Chemical industry reports shale driving investments - Beckley, Bluefield & Lewisburg News, Weather, Sports

Chemical industry reports shale driving investments

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A new report from the American Chemistry Council says expansion in shale gas plays are driving investments in chemical manufacturing to the tune of bout $71.7 billion in investments, including in West Virginia.

A number of major manufacturing projects are being directly tied to the development of the Marcellus Shale in West Virginia. The gas field is rich not only in methane but also in other chemicals.

Since the Marcellus Shale field was essentially "unlocked" by the combination of hydraulic fracturing and horizontal drilling techniques, officials have raced to capitalize on the downstream and midstream opportunities. Many of the chemicals that are captured during drilling are vital manufacturing feedstocks.

"The United States has become a magnet for chemical industry investment, a testament to the favorable environment created by America's shale gas as well as a vote of confidence in a bright natural gas outlook for decades to come," ACC President and CEO Cal Dooley said in a news release accompanying the report. "What's especially exciting is that half of the announced investments are from firms based outside the U.S., which means our country is poised to capture market share from the rest of the world."

In West Virginia, shale gas-related projects include ethylene crackers by Aither Chemicals and Bayer Material Science. Appalachian Resins and ICL Industrial Products are also linked to shale gas development.

"A new competitive advantage has emerged for chemical manufacturing in the United States as vast new supplies of natural gas from largely untapped shale gas resources, including the Marcellus along the Appalachian mountain chain, are leading to massive capital investment and expansion of the US chemical industry," the report states. "With the development of new shale gas resources, US industry is announcing expansions of capacity, reversing a decade-long decline and providing opportunities for new jobs at a time when the United States is facing persistent high unemployment."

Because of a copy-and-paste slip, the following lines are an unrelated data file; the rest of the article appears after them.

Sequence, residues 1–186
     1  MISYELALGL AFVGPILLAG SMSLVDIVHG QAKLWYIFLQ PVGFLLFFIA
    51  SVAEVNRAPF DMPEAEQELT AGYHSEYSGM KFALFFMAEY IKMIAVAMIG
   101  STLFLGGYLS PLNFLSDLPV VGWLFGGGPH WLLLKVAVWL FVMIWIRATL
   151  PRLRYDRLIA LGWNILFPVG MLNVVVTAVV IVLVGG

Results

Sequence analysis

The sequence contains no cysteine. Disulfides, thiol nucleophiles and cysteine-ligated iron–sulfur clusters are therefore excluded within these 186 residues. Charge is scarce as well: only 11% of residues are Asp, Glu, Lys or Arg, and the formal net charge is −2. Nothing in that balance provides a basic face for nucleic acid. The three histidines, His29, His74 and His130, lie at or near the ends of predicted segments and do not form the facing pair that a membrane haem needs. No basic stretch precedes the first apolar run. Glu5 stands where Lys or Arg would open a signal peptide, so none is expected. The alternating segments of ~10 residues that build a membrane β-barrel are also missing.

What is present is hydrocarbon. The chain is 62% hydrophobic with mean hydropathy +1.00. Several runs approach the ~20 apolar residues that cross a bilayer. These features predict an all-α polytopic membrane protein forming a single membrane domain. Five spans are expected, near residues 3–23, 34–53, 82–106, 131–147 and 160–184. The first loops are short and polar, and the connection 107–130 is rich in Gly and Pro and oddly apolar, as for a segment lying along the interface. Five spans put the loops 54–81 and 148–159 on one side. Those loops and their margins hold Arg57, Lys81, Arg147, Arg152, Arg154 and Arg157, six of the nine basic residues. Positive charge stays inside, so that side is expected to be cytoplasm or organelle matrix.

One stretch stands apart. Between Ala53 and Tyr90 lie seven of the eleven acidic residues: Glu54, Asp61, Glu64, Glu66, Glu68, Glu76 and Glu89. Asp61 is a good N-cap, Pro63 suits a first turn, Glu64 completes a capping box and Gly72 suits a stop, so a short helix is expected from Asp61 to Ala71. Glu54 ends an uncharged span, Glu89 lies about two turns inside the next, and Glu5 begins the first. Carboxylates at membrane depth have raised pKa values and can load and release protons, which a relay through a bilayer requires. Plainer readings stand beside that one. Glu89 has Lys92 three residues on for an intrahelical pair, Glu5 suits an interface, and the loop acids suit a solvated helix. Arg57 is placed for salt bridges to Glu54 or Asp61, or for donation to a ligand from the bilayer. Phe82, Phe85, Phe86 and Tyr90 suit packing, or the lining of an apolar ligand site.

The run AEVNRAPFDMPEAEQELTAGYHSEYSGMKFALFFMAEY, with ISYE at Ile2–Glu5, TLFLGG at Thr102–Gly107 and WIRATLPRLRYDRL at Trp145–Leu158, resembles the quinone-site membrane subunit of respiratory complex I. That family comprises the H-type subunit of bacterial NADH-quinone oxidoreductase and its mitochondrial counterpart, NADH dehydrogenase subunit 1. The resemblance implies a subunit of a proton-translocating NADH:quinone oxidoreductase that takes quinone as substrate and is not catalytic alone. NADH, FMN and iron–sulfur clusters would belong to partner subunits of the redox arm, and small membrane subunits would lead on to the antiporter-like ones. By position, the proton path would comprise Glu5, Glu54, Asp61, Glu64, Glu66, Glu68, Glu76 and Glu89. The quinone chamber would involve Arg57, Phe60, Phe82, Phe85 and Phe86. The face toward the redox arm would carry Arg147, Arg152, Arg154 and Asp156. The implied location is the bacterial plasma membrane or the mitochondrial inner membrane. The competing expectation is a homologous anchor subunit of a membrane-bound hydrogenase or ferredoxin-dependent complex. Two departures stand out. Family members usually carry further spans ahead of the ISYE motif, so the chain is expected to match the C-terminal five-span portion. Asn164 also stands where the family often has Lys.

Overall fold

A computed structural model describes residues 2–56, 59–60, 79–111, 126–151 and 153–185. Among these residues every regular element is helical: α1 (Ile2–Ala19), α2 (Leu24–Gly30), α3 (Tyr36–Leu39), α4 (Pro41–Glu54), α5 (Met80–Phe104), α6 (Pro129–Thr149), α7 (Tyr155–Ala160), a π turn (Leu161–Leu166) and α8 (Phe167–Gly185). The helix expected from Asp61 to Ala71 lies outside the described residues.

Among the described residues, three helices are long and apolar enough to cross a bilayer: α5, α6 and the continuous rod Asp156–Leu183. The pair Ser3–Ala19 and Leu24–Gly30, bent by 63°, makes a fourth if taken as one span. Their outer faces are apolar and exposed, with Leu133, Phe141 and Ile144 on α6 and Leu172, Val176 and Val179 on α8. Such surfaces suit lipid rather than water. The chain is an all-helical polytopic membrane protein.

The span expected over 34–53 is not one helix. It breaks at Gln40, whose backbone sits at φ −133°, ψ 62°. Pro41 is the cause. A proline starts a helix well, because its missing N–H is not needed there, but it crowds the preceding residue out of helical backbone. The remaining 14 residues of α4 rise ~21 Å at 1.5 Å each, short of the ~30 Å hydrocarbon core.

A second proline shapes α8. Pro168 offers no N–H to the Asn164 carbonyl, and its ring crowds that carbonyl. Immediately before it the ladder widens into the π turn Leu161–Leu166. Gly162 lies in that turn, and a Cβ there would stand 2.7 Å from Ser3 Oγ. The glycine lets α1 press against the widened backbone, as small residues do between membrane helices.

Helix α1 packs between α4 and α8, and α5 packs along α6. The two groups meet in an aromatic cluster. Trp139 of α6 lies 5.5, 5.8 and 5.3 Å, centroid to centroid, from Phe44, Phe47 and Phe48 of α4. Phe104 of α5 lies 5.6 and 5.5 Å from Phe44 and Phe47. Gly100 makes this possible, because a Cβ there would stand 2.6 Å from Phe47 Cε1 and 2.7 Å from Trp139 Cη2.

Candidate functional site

According to the report, 97 chemical and plastic projects related to the shale industry totaled about $71 billion in new investments. The study also predicts creation of 46,000 chemical industry jobs and 264,000 supply industry jobs.

The report urges lawmakers to adopt or continue to maintain industry-friendly policy.

"Right now, the chemistry industry has the confidence needed to drive new U.S. investment," the report concluded. "Policymakers can help ensure that confidence continues for decades to come."

The report calls for increased access to oil and gas on public and private lands, continuation of primarily state-based regulation, improving siting and permitting aspects of manufacturing development, preserving coal's role as an energy source and expanding access to foreign markets.

One of the issues the report addresses is the possibility that increased electricity demand, and the use of natural gas for electricity, could cause the price of gas to rise. The ACC report suggests this could hurt the chemical manufacturing edge the U.S. has gained.

"With a growing and increasingly affluent population and economic growth, demand for electricity will rise in the US," the report states. "In addition, clean air regulations are promoting natural gas use in electricity generation.  This will increase natural gas demand and economic theory suggests that barring any increase in supply, market prices will rise."